When it comes to selection Servito doesn’t think of classic versus modern productions. “I think about how this track fits with this track. How this hi-hat sounds over this bassline. It’s really interesting to be playing music from 1988 with music from 2015. It’s about connecting the dots, but, it’s also about blurring the lines too. I have a thing for cohesiveness. I think the newer generation throws that out the window completely and that’s fine. But, I need to stay locked into my groove. I don’t want to jump from 125 BPM to 140. That’s just not my style.”
Servito chooses his tracks based on feeling. “I know it when I hear it. There is an excitement that occurs when I hear a bassline or a drum kick or a really good sample. I am just well aware of what kinds of sounds I like. It’s basically whatever moves me and what I want to dance to. Those are the biggest factors. Would I personally wanna dance to this track? Is this going to make me lose it?! Those are the prerequisites to enter my bag.”
With a steady uptake of records he says “it’s important to keep things changing. I have my staples, the ones that I play a lot. It just depends. I’m always putting things in and out of rotation. I try to buy new records at least once a week. I have a problem. It’s a big vice for me.” Swinging between house and techno he curates a set and pulls records appropriate for all aspects of the party.
“I think that’s important. Making sure you are pulling the right music. You don’t want to be playing deep house records if you’re opening for Silent Servant, or you don’t want to play too aggressive when you are opening for Kerri Chandler. You have to be aware.”
During a set there is so much stimulation: the lights, the crowd, each person reacting to the music on their own, yet the whole space is simultaneously emitting a general feeling. The Sequencer asked Servito about his headspace during a set. Does it become lifted into a meditative state, or perhaps to maintain such fluidity of motion does he require meticulous and mechanical focus?
“I like this question. There’s definitely a lot going on. There are so many elements all at once. I’ve always been a person who is easily distracted. I think being focused and being insanely meticulous leads to a meditative state when I am playing. There’s definitely a zone state that is acquired while I play and it needs to happen. I’m at my best uninterrupted,” he says.
An uninterrupted state is not a constant for a performing DJ. Continuing on, he discussed this as a major issue of depiction that is very prevalent for performers in the scene.
“I am not a hype man. I’m a DJ. I think people have to realize that there is some technique and effort to what we are doing. I think that it’s undervalued. You would never interrupt someone playing the piano or the drums to tell him those notes sound nice while they are playing. It’s the same idea. I wonder when people will take that into consideration. It is tremendous work to create this experience and environment. I find it funny that people always want to talk to me while I am mixing. I seriously don’t get it. I’m sure people think I am a bit of a diva, but I am a perfectionist. I want things to go well 110% full on. That requires all my attention to the work. It’s always about the details.” – MIKE SERVITO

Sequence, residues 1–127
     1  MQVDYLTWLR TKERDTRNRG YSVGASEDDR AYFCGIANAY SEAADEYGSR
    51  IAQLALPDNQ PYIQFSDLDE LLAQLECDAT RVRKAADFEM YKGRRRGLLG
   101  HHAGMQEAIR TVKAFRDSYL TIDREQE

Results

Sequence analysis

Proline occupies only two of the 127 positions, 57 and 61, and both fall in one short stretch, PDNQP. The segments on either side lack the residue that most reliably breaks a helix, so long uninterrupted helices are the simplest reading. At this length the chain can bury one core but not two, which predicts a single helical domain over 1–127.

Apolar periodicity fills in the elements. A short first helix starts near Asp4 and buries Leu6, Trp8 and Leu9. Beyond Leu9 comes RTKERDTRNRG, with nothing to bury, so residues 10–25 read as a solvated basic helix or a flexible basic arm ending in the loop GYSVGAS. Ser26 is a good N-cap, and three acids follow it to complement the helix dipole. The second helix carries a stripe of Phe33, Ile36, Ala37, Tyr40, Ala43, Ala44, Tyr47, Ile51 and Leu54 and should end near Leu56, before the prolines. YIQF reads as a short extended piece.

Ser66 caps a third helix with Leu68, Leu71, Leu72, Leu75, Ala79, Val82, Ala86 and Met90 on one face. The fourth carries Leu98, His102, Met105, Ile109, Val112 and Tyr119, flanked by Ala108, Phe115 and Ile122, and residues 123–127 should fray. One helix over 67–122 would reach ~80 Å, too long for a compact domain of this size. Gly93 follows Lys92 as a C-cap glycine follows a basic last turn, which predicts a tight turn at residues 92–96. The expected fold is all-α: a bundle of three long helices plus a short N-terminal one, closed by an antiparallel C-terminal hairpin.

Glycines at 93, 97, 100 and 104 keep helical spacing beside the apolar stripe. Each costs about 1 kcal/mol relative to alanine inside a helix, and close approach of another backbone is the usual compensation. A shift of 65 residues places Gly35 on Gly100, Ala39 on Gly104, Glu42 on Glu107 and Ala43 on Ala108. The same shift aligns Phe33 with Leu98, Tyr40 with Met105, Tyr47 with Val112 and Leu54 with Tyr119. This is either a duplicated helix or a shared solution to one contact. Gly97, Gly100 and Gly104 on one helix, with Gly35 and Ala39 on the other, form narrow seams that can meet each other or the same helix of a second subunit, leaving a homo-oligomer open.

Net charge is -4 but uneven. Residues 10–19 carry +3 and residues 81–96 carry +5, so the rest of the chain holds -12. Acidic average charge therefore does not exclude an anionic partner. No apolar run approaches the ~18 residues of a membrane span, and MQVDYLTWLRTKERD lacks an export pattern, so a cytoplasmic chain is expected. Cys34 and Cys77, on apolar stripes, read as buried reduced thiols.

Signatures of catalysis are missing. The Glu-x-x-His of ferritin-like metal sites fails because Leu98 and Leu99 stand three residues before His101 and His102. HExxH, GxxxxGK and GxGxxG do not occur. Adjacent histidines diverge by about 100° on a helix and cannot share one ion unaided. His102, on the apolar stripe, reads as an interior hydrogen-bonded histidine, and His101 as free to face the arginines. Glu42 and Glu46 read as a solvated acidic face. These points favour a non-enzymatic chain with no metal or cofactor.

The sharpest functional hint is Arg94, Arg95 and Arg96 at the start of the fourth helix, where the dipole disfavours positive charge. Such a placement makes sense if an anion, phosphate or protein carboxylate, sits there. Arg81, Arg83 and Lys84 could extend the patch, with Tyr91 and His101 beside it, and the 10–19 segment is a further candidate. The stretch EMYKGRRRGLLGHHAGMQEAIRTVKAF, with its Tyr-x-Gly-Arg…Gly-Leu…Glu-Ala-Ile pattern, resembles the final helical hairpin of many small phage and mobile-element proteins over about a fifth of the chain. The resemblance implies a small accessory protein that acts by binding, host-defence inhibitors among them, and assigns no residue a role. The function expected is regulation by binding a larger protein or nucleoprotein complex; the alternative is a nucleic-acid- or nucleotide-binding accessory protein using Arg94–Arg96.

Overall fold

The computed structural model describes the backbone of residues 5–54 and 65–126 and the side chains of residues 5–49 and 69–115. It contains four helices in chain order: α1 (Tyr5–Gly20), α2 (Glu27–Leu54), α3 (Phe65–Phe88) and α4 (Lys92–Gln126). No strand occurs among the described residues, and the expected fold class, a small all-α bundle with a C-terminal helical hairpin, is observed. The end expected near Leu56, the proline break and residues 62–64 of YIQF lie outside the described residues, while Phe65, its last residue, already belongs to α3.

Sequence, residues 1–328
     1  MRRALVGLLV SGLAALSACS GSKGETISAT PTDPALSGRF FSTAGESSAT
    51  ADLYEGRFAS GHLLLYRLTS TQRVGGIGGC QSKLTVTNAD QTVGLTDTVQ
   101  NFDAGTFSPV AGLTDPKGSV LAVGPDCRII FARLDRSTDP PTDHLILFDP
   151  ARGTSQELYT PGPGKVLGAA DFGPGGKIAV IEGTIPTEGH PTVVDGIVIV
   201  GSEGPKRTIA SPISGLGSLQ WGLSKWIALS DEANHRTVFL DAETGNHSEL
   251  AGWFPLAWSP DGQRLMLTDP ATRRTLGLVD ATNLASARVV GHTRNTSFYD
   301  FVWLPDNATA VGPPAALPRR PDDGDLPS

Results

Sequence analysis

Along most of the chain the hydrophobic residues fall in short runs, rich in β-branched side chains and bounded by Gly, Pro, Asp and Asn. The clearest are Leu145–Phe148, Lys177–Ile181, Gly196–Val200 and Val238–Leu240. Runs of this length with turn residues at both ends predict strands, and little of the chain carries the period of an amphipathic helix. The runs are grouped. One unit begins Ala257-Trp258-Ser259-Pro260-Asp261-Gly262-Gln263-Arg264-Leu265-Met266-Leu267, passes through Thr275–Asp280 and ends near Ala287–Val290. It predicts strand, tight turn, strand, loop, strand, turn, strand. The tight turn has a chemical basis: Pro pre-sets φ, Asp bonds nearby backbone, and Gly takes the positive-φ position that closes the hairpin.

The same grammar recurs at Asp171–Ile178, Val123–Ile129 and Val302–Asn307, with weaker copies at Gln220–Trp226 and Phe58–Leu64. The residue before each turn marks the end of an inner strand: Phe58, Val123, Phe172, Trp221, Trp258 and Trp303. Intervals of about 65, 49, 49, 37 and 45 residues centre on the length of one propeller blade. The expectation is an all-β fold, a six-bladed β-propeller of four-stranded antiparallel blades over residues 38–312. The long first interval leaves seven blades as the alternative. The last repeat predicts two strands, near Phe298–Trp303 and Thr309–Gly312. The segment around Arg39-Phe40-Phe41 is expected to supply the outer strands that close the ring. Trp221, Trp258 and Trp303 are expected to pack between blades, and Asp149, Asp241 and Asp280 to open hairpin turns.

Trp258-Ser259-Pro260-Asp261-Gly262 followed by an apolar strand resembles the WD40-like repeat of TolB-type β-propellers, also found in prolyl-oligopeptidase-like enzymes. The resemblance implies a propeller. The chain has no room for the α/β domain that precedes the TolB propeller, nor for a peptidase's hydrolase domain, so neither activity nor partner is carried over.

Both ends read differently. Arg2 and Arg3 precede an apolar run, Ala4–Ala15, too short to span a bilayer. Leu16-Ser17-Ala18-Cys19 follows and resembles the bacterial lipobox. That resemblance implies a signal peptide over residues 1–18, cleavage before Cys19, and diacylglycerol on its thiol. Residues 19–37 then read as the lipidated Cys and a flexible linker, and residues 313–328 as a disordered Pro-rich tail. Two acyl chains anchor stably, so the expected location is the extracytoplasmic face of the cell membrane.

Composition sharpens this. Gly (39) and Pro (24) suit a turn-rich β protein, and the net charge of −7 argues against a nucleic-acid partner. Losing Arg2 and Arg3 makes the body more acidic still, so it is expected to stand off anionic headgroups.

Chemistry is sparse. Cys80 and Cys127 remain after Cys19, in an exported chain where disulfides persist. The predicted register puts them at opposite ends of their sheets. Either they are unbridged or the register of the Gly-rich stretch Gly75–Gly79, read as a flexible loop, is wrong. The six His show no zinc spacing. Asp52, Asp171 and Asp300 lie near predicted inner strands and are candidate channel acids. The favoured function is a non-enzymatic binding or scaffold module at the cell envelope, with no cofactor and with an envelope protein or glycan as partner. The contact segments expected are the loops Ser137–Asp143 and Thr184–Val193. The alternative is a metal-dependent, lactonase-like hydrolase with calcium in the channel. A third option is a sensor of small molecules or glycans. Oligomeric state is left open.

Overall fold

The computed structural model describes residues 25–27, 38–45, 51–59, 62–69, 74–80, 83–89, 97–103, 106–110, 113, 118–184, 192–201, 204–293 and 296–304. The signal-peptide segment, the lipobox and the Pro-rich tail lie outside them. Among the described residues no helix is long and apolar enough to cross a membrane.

For an international DJ, parties from New York City to Berlin more or less have an established crowd. Although with the heart of the same animal, those major scenes beat differently than those tucked away in smaller cities. Yet these lesser populated places are receiving rave reviews from high-caliber artists. Norm Talley, Sassmouth, Black Madonna and Shawn Rudiman have all played Signal > Noise parties in Rochester, N.Y. and speak well of it. What is it about these places that evokes such excitement?
From Servito’s perspective he says, “I think an environment in which it is more intimate is preferred. You are more likely to have everyone’s undivided attention. You know everyone is there for you. The allure is quality programming and a quality crowd. When it’s intimate, you know everyone is there for the same exact reason. There is just a greater, direct connection with artist and audience. You lose some of that when you are playing these 4-5 thousand [or more] capacity events. Everyone needs an escape so it’s really important that more cities — such as Rochester — do these kinds of events with extended sets. You get the full experience. Not just a sample.”
The spotlighted artist will be making his way to Rochester for the next Signal > Noise installation, to be held on Saturday, Dec. 12 at 45 Euclid in Rochester, N.Y. His message for all those making their way to the ROC: “GONNA MAKE YOU JACK. ;)”
Find more information on the Facebook event page.